Part I | Part II
Ever notice that if you combine the words See and Eat, you (almost) get Seattle? Not quite sure what “tle” stands for just yet, but gimme some time and I’ll figure it out. For now, let’s just go with what nature, er, make that Doc Maynard has given us when he named Seattle in 1853 after chief Noah Sealth. Let’s See and Eat Seattle shall we?
In addition to being recognized for their coffee, the Space Needle and grunge music, Seattle is also well known for Pike Place Market, the public market in Belltown (downtown) overlooking Elliott Bay. Fittingly, that’s where we shall start our feast-a-thon.
Pike Place Market
Now of course you can go to Pike Place Market for some of the freshest seafood in town, but it’s the little hole-in-the-wall type discoveries that will keep you coming back. Russian bakery Piroshky Piroshky is one of those places.
Since opening their doors in October of 1992, Piroshky Piroshky has been serving up these little Russian treats to many locals and tourists alike.
Piroshky Piroshky Goodies
At any time on any given day, it is common to see a line forming out the door for patient patrons. According to a dated sign hanging on the wall, their best sellers are:
- Apple Cinnamon Roll
- Cheddar Cheese Roll
- Potato Mushroom & Onion
- Potato & Cheese
- Smoked Salmon Pate
- Cranberry Apple Roll
- Marzipan Roll
- Smoked Mozzarella Broccoli & Mushroom
Smoked Mozzarella Broccoli & Mushroom – Whole
Smoked Mozzarella Broccoli & Mushroom – Eaten
Chicken Mushroom and Rice – Whole
Chicken Mushroom and Rice – Eaten
Apple Cinnamon Roll
Owner Oliver Kotelnikov says that the piroshkies are baked in different shapes to help the bakers remember what is stuffed inside of them.
A cute concept for a cute and delicious eatery.
Also well known and seemingly popular amongst the locals is a French bakery, fittingly named Le Panier Very French Bakery.
Le Panier Very French Bakery
Due to the time of day (late afternoon/early evening), we were not able to get a good assessment of their full menu options, but their Tarte aux Pommes (Apple Tart) was tarte aux tasty.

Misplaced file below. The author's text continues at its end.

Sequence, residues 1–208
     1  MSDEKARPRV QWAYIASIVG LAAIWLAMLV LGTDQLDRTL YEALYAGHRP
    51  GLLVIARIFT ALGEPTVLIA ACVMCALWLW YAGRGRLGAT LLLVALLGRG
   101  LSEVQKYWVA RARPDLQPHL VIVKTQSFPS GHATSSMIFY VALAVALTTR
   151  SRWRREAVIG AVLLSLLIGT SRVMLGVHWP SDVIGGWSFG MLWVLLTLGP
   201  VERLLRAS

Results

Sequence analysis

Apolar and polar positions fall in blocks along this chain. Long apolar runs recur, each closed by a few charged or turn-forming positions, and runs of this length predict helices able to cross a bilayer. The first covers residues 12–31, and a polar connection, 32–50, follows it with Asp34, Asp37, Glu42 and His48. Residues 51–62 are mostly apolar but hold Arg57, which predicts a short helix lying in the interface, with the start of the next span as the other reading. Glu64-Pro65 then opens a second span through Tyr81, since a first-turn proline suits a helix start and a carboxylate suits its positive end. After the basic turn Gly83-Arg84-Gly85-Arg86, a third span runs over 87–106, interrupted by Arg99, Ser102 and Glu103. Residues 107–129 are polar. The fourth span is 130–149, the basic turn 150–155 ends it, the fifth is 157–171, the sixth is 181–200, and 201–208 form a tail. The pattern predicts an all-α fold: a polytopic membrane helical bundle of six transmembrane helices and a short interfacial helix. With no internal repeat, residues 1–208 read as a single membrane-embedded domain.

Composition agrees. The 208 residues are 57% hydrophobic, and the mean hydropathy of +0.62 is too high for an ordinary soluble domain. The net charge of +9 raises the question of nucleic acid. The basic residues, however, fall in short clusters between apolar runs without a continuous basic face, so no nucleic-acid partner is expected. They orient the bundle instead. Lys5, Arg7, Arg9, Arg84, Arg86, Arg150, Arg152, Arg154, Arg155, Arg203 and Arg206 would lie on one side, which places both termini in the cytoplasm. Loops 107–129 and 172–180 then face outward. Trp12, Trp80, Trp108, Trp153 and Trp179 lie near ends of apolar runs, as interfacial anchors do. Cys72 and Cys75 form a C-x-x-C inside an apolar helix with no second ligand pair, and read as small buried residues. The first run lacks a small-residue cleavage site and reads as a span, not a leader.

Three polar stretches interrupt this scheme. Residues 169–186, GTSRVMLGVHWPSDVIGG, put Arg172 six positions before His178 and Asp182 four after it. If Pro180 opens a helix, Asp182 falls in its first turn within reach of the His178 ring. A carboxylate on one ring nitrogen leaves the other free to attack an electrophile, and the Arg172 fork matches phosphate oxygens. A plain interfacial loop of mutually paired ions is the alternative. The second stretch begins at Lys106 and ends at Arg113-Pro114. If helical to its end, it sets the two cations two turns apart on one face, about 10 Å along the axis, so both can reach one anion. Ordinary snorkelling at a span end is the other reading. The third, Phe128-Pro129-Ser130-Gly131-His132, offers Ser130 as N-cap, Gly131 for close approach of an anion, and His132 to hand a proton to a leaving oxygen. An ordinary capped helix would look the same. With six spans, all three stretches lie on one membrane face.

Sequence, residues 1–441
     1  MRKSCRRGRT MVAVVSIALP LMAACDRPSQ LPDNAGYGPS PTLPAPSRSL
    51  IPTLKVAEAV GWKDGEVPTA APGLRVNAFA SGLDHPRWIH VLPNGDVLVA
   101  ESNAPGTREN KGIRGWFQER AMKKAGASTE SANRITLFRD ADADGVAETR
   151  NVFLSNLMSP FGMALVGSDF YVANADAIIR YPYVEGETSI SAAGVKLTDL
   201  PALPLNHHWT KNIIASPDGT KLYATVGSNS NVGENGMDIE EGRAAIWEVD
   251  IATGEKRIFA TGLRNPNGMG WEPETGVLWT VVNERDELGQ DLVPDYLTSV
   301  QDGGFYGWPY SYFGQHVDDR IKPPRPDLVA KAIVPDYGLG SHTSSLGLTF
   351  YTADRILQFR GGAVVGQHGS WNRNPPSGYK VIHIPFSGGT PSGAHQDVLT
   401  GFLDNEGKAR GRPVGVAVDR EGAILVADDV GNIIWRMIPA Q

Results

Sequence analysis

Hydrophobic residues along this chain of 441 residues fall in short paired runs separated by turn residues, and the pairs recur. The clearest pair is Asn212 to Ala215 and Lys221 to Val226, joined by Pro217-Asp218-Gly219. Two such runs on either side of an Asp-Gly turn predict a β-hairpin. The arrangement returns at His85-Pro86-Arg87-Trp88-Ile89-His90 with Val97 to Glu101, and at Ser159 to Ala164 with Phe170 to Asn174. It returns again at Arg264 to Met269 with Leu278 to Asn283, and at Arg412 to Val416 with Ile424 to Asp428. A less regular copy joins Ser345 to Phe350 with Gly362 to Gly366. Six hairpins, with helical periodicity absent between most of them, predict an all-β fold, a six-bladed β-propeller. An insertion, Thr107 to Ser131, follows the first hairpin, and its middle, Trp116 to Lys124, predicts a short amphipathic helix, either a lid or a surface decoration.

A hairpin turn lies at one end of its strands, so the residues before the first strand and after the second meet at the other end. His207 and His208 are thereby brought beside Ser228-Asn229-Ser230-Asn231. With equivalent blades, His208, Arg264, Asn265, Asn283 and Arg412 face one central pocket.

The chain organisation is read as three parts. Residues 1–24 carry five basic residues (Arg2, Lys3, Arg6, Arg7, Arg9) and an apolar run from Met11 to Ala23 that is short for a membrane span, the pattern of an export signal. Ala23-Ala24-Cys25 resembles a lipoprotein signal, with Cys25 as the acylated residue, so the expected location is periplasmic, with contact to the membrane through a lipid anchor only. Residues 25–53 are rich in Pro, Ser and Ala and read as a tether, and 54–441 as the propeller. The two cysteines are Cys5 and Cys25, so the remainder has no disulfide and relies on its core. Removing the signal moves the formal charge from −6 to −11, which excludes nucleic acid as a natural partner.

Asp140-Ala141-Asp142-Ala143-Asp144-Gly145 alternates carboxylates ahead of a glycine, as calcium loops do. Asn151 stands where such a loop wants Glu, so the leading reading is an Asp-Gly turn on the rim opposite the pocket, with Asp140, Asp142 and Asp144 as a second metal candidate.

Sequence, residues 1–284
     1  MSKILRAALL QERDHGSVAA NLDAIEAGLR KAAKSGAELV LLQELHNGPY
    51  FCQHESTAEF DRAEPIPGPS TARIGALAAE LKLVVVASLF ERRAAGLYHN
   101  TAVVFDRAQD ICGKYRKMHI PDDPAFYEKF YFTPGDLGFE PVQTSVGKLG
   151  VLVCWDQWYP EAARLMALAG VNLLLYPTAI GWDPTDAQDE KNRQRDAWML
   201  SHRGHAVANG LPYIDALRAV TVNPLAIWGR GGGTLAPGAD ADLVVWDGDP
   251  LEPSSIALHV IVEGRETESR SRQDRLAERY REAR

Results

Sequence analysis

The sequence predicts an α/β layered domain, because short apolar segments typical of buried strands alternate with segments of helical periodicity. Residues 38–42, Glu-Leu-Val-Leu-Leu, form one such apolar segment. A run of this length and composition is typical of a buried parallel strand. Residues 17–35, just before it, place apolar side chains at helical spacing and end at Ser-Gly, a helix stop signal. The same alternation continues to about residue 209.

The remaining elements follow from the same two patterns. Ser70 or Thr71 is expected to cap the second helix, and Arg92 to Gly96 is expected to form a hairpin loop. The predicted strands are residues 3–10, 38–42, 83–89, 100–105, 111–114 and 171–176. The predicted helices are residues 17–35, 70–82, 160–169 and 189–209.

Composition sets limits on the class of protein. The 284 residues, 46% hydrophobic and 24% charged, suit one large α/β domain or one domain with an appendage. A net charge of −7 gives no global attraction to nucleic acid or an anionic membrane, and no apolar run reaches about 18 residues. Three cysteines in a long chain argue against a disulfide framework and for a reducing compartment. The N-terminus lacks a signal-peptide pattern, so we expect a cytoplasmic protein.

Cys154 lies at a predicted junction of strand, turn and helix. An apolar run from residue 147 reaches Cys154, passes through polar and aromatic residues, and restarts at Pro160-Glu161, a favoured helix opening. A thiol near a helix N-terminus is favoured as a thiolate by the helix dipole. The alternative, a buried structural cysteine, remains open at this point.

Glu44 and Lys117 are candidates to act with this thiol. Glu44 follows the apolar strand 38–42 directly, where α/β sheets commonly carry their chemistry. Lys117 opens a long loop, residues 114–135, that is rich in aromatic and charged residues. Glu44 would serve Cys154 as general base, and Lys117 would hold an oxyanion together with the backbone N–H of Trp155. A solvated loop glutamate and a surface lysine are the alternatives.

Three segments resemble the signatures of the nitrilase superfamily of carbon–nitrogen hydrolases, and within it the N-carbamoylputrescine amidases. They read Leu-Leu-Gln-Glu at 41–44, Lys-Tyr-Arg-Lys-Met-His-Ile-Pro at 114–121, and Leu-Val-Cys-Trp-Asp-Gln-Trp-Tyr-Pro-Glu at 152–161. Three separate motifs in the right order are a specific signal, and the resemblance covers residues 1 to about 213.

Tarte aux Pommes (Apple Tart)
Next on the Pike’s hitlist is Beecher’s Handmade Cheese Café.
Beecher’s Handmade Cheese Café
Primarily serving as a cheese factory (yes, they actually make their cheese here!) and a deli/market where they sell their assortment of artisan cheeses and cheese related products, the small café up front serves up deli style sandwiches, soups and their award-winning Mac & Cheese dish.
Beecher’s Handmade Cheese Café sign
Though a bit on the pricey side ($4.60 for an 8 oz container or $7.95 for a 16 oz container), the rich, cheesy flavor soon makes you forget.
Mac & Cheese from Beecher’s Handmade Cheese Café
Great for a late afternoon snack!
“Enough with the snacks awwwready!” you say? “I want a real meal outside of Pike’s!” say you? Say no more fussypants. Say no more.
We’ll take you to a uniquely Italian sandwich restaurant called Salumi’s located in the heart of Pioneer Square on 3rd Avenue.
The long line outside of Salumi’s
Known primarily for their cured meats, this little delicatessen serves up tasty, but costly sandwiches using their famous cured meats as the core. Once a favorite of Seattlites on Yelp!, it’s cooled down a bit, but still boasts a 4.5 rating (out of 5) based on 65 reviews.
We scored prime street parking right in front of Salumi, but, as expected, our wait was significant, causing me to have to re-feed the meter, numerous times. LOL!
Parking meter tickets
Once you get in the door, the excitement starts to fill you (a sensation that always occurs when you have to wait a long time for something you anticipate). You’ll notice the cured meats hanging in the window to your right.
Cured Meats at Salumi
As you approach the Subway-esque sandwich making area, do not dilly dally. These sandwich makers seem to just want to keep the line moving and expect you to know what you’re doing. We quickly and frantically ordered the Prosciutto, Fig, Goat Cheese ($9.50) and the day’s special of Fennel Sausage with Cheese ($9.50).
Prosciutto, Fig, Goat Cheese ($9.50). One half was requested with no tomatoes FYI.
Fennel Sausage with Cheese ($9.50)
My only complaints (aside from the price tag) are the overly tough/hard/crunchy bread (I couldn’t even fit it in my mouth to crunch down on), and the tight and crammy seating situation. The wait and ambience weren’t too bad, especially knowing that we were enjoying one of Seattle’s favorite lunch spots (2003 Best of Citysearch winner, 2004 Where Magazine Chef’s Choice Dining Award).
Before this becomes a Harry Potter-like novel, I think I’ll end it here and pick it up again next month for part 2. Still on the hitlist for part 2 are Paseo’s Caribbean Restaurant, Salty’s on Alki and Umi Sake House. On the possibly-to-be-mentioned list are: Shiro’s Sushi, Joey’s, Fox Sports Bar & Grill, Kiku Tempura House, Ram Restaurant & Bighorn Brewery, and of course, everyone’s favorite… Ohana’s!
Until then, your homework assignment is to help me think of what the “tle” in Seattle stands for. Sea and Eat Seattle Part 2 coming right up! *ding*
Part I | Part II